Do you start processing email right away on Mondays?

Hold that thought, because it might be the worst day to go on an email frenzy.

A new study by Boomerang looked at 250,000 emails (you read that right--it's a lot) and found that most of us tend to be more error prone on the first day of the week.

The company, which makes a plug-in for Gmail, looked at subject lines specifically. We tend to write the subject lines quickly with too many typos and misspelled words. On Monday, the error rate is two points higher than it is on Friday. The best day of the week is Saturday, with an error rate that's six points lower than Monday on average--guess we're all well-rested by then. Sunday is also a better day for sending emails.

Another finding has to do with sentiment. Boomerang found that the subject lines of emails sent on Monday tend to be more negative. All of these studies are related to response rates, a.k.a. the reason we even send emails. When there are errors in a subject line on emails sent on Monday, people are 14% less likely to respond. When there was one error in the subject line, responses dropped by 5% overall. When the email subject was a total mess with five or more errors, the response rate dropped by 11%.

As usual, I have a pretty good theory about why Mondays are bad for email.

Coming off the weekend, we're ready to hit things pretty hard. I'm known to furiously process email earlier in the week and it is my primary day for sending them. Most of us figure, if we send a big batch of emails on Monday, maybe people will get around to responding by Friday.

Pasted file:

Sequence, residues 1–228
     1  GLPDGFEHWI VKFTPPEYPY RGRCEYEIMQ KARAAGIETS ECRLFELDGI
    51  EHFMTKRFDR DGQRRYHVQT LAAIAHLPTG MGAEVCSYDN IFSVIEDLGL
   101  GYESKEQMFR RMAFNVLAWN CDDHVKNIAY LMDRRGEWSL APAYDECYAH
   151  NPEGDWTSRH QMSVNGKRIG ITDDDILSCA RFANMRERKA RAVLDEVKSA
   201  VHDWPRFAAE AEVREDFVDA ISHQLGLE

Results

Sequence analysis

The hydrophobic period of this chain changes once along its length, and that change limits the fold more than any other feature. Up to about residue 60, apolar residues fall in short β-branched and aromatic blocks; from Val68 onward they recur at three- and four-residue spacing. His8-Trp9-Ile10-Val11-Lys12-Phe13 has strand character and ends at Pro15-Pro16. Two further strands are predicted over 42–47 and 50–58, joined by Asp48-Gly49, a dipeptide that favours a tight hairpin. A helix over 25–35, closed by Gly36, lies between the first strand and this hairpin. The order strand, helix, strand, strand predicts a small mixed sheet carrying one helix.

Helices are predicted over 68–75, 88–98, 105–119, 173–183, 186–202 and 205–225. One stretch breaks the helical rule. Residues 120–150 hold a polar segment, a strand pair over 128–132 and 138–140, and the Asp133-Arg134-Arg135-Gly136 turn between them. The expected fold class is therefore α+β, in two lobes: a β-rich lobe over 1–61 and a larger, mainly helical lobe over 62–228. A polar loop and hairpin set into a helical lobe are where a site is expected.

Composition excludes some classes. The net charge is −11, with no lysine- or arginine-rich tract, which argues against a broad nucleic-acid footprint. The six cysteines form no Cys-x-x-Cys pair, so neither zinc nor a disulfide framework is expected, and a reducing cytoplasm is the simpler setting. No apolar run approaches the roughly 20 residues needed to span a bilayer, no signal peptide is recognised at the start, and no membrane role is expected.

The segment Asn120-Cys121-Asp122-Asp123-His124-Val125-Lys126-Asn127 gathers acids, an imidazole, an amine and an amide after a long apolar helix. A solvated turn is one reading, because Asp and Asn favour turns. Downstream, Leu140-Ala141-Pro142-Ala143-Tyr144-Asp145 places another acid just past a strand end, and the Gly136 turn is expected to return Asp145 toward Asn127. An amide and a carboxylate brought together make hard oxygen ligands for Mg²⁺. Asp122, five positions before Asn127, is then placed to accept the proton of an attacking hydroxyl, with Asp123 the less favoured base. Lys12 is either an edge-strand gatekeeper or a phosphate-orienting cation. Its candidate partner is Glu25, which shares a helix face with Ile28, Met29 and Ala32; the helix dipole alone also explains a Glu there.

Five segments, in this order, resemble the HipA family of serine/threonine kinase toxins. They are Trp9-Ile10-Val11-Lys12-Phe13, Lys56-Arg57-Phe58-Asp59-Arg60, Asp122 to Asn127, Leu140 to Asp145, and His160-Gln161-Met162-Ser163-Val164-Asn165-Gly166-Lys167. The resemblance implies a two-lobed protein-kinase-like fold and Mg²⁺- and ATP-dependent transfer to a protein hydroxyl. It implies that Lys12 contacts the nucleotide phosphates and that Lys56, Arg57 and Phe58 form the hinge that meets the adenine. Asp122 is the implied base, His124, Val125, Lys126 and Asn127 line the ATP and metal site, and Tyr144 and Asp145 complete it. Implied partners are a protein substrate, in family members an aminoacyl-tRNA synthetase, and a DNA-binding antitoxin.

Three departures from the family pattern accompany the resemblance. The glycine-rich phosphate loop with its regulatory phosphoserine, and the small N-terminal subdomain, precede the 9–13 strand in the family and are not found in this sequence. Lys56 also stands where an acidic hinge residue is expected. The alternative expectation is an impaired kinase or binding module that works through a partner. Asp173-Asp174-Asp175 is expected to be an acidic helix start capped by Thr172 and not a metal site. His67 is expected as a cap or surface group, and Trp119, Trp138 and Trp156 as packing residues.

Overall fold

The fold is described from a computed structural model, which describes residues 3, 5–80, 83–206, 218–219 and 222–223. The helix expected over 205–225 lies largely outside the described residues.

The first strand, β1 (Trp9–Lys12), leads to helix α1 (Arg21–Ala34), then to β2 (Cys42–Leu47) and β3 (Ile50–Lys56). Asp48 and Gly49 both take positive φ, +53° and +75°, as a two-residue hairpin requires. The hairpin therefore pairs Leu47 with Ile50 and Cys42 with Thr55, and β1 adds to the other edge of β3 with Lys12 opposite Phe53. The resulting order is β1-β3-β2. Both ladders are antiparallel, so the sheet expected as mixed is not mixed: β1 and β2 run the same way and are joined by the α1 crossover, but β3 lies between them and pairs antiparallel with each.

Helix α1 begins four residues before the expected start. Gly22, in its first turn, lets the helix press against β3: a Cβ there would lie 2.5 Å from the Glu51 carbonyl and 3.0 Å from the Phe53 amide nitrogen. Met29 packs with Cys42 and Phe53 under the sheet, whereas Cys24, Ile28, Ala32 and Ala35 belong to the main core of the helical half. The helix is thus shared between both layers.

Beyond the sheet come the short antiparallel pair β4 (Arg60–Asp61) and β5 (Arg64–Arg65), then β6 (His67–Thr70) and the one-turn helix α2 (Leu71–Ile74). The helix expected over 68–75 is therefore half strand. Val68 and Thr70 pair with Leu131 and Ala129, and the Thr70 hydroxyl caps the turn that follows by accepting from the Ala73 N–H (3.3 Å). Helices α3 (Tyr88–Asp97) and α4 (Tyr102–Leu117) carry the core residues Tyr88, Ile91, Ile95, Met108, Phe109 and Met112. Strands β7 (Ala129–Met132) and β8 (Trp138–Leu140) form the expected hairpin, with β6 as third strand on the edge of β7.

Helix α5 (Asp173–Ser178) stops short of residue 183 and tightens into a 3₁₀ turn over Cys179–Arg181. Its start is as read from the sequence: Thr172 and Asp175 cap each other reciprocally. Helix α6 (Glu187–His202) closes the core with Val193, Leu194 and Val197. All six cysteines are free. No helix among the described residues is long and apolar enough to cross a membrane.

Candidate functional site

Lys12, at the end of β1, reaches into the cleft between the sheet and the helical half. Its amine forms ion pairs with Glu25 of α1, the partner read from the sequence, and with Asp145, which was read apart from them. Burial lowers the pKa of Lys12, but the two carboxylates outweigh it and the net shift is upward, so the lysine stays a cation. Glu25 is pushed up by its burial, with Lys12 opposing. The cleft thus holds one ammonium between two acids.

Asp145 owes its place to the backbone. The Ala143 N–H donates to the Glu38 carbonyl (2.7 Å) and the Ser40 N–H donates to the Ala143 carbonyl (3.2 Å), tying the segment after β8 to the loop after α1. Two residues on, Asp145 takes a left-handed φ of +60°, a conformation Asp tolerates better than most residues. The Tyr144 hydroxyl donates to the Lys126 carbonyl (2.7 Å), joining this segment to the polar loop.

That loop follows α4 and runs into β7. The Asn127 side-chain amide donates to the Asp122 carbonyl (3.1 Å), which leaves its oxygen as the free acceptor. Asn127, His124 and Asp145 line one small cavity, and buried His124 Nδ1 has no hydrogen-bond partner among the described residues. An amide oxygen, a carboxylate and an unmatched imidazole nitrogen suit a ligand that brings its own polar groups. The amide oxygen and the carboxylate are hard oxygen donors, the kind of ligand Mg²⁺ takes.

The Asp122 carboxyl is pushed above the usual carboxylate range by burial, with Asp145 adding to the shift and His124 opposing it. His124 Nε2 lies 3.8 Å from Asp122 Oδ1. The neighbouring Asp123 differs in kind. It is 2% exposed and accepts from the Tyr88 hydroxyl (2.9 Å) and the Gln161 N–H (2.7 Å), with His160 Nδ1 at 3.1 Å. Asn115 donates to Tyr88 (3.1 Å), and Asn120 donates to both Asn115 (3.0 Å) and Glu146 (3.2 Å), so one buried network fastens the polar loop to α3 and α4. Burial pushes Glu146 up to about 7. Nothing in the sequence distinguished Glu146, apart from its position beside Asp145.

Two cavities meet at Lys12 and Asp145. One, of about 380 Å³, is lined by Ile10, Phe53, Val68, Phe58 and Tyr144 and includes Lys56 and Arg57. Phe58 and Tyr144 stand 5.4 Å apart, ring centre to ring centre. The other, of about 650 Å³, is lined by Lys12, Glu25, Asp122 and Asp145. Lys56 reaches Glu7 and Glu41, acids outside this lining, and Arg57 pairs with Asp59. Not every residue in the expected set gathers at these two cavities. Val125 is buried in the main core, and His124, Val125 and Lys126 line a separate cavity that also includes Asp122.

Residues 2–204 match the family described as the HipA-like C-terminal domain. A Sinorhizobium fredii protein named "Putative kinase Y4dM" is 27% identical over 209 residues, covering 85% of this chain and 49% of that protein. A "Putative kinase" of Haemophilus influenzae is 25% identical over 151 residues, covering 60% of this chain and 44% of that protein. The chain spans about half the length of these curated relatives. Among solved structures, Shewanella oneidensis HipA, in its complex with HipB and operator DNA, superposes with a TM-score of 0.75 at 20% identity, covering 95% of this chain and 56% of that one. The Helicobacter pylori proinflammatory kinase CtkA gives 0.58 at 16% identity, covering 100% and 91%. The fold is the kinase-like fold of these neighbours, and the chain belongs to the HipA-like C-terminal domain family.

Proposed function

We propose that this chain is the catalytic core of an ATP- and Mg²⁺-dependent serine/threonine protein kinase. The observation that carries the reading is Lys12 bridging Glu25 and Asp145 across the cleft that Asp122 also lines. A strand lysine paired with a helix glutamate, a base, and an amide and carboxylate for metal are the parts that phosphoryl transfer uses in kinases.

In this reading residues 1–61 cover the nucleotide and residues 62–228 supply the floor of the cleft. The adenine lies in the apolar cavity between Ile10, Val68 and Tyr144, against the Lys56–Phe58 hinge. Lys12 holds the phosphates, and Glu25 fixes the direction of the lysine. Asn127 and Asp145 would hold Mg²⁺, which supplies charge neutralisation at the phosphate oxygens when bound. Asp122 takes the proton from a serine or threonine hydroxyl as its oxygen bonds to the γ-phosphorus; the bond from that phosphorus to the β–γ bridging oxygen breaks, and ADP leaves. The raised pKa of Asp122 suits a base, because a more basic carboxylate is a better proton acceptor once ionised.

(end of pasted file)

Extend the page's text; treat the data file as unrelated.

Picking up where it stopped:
Yet, Monday is also the day we're catching up on everything else. We're attending meetings, trying to figure out which tasks are important, maybe kicking off a new project. Email is second nature to most of us, so we fly through it quickly and move on to other duties. Plus, many of us think more emails equals more productivity.

Now the question is: What to do about it?

One obvious solution is to wait until Tuesday to send emails. Make Monday your day to grind away on some important tasks. Most productivity experts say the best approach to work is to finish your most important tasks first and to avoid the trap of being a "completist" who checks everything off your list even if some of the tasks are not that important. The problem with holding your email is that it does give people one fewer day to respond. It's tempting to tap into the boost you get on Monday and do everything, but my advice is to slow down a bit on email. Send the important messages, save the rest for another day. The real problem is not sending emails on Monday, it's sending too many of them, doing so in a big hurry, and making errors.

Also, here's a tip I've been doing lately. Since it's fairly well known that I hate processing email, I've been using other methods like Facebook chat way more often. My view is that Facebook is a more casual hub for communication and it's more direct. Plus, it works. People don't always expect to get a Facebook chat request and they might be curious enough to accept it. And, I'm picking up the phone more. Now that's really surprising!